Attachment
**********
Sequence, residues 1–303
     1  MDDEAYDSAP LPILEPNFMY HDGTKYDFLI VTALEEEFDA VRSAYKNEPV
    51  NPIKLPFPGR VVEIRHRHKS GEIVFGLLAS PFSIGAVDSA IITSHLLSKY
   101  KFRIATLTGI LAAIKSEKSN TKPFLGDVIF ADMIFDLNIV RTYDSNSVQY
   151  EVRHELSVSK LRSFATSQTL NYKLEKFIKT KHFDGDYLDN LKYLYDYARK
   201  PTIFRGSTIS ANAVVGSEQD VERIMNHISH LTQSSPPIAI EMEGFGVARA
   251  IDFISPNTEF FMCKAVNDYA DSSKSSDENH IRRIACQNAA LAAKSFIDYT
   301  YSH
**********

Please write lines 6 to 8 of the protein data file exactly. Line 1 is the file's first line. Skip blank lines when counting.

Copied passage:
   201  PTIFRGSTIS ANAVVGSEQD VERIMNHISH LTQSSPPIAI EMEGFGVARA
   251  IDFISPNTEF FMCKAVNDYA DSSKSSDENH IRRIACQNAA LAAKSFIDYT
   301  YSH